Slow Cities, Urban Politics and the Temporalities of Planning: Lessons from London
09 October 2018, 5:30 pm–8:00 pm
The first installation of the London Planning Seminar Series 2018/19
Professor Mike Raco
Room G.01Central House14 Upper Woburn PlaceLondonWC1H 0NN
In the wake of the global financial crash of 2007-8 many governments have sought to streamline their post- war planning systems and encourage faster project delivery. Expedited decision-making is equated with efficiency and the meeting of broader growth objectives, whereas slower and more complex forms of engagement are presented as an impediment and a governmental problem to be solved through reform. For critical authors such as Weber, such approaches are fraught with danger.
The core objective of planning systems should, conversely, be focused on the production of ‘slow cities’, in which decision-making times allow time for proper democratic and judicial-technical oversight of development processes. Slow planning, it is claimed, can limit the negative impacts of rapid development on urban built environments and communities. In this paper we draw on research in London to examine the relationships between the temporalities of planning, project outcomes, and the politics of time. We argue that within critical urban studies there needs to be a stronger focus on the temporal dimensions of governance and the temporal resources possessed by different actors. We highlight the conditions in and through which the temporalities of planning are deployed strategically by different interests and assess the ways in which powerful, reflexive, and time-resourced developers and investors use planning timeframes to capture markets and boost returns over the longer-term. We conclude by setting out agendas for future research and for more variegated and contextualised explorations of fast and slow planning processes.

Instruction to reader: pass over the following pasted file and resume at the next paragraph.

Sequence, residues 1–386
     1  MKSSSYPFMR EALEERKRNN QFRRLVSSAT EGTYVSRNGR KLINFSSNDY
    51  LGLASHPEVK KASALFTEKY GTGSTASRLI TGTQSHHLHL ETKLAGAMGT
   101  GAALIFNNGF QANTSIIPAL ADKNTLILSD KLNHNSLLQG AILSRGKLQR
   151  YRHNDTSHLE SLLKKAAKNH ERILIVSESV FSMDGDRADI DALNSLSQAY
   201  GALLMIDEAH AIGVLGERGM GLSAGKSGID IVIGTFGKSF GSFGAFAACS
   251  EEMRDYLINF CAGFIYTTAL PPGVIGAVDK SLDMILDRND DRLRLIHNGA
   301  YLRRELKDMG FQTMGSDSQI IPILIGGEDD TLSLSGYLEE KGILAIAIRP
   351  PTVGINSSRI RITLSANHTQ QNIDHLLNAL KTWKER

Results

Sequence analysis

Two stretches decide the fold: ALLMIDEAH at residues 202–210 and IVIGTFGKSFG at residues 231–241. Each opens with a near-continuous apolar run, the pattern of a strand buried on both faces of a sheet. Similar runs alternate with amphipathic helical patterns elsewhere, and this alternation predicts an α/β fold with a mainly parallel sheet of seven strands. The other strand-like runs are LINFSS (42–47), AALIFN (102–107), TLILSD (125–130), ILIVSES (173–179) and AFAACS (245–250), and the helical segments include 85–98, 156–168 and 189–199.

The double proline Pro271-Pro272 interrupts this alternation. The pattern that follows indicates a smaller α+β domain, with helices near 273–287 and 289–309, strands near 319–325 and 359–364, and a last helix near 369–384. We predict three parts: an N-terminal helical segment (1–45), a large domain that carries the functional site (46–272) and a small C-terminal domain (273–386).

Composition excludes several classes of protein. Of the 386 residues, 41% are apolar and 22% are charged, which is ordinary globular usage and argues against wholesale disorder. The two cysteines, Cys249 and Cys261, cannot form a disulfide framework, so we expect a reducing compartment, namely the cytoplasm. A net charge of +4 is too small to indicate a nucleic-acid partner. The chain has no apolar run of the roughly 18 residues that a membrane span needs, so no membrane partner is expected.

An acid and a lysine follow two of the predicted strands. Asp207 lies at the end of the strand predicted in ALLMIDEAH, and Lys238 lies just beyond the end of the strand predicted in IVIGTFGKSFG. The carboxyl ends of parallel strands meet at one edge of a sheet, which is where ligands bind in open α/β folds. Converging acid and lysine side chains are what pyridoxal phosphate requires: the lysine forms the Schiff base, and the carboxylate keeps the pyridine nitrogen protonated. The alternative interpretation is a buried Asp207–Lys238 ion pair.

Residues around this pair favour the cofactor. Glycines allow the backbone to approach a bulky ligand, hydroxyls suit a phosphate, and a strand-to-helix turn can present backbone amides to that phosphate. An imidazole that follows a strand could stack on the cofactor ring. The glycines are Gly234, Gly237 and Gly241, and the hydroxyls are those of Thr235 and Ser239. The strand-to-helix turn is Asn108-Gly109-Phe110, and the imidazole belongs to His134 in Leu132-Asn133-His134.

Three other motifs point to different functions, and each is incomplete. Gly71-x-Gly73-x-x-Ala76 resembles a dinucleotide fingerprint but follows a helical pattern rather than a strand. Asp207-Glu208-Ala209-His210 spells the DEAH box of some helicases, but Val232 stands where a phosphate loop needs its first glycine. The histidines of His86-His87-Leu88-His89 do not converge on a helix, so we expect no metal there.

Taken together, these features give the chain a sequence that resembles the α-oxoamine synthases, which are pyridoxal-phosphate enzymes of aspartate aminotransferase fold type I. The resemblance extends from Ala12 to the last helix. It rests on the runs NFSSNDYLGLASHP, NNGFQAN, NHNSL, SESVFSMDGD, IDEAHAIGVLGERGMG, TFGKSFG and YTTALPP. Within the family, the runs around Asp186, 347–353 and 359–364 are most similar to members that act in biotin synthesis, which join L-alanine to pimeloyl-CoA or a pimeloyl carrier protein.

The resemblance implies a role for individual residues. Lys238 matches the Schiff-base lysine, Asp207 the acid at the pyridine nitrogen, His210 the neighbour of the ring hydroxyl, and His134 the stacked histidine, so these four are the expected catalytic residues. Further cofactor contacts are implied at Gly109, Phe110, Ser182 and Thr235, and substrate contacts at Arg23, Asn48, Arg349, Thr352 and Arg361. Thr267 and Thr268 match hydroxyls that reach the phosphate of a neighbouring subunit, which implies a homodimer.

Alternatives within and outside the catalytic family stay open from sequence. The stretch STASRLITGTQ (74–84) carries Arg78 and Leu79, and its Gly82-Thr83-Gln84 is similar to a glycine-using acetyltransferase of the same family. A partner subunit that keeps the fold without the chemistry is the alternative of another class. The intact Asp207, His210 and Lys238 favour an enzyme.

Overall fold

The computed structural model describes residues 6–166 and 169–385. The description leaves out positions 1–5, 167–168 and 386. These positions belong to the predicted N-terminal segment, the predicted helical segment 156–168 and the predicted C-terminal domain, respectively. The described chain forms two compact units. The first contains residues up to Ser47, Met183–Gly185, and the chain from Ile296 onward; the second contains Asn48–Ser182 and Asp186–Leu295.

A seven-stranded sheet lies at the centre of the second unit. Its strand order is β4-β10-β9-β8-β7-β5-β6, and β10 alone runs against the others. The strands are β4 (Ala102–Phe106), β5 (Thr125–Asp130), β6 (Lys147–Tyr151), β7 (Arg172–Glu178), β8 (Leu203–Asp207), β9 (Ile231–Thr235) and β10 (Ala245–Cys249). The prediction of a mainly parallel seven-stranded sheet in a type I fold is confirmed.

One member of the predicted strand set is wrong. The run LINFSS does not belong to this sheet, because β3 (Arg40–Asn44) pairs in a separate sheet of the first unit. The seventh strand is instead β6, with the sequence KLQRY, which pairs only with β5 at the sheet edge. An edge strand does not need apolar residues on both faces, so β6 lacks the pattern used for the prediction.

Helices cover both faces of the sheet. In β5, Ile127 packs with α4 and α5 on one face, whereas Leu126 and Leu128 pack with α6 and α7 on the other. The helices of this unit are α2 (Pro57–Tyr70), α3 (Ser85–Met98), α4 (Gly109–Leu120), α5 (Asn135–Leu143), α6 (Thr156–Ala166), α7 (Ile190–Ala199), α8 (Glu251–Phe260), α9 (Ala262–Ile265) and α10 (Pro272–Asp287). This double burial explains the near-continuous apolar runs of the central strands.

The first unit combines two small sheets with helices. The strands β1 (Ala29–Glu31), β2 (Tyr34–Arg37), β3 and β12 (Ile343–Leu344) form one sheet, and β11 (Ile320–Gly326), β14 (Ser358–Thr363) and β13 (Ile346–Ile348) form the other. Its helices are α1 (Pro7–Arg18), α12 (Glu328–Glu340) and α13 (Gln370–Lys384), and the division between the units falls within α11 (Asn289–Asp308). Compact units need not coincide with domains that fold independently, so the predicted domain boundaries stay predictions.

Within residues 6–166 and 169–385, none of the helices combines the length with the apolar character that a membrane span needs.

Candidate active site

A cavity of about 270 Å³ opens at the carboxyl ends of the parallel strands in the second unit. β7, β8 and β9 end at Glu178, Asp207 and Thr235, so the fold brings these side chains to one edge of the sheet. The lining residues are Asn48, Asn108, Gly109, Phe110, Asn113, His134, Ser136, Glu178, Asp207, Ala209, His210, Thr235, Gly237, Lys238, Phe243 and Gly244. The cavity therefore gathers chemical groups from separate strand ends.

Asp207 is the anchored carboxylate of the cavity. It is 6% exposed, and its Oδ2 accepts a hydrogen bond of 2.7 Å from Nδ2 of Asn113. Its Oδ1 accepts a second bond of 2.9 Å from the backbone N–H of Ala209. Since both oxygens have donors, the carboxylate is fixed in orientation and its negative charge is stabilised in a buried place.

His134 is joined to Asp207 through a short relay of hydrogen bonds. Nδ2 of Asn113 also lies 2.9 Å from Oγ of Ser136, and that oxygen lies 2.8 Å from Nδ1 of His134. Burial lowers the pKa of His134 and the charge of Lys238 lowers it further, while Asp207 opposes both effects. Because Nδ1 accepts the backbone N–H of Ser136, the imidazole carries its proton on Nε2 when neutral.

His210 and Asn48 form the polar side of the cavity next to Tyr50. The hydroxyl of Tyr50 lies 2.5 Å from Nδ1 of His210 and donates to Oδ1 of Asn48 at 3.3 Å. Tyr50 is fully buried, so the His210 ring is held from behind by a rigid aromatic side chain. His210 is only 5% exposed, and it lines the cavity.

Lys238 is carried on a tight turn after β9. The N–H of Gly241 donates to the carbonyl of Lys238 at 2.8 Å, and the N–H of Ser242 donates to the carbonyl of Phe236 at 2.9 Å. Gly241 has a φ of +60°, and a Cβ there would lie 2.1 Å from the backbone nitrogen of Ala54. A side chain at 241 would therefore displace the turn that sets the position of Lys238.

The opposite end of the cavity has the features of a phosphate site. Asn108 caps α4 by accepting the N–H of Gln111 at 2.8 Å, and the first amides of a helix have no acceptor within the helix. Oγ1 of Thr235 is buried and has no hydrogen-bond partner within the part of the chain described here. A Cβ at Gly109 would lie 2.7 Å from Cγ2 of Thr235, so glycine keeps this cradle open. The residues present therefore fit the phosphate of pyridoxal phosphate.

You can find more information about the London Planning Seminar Series and the full schedule here.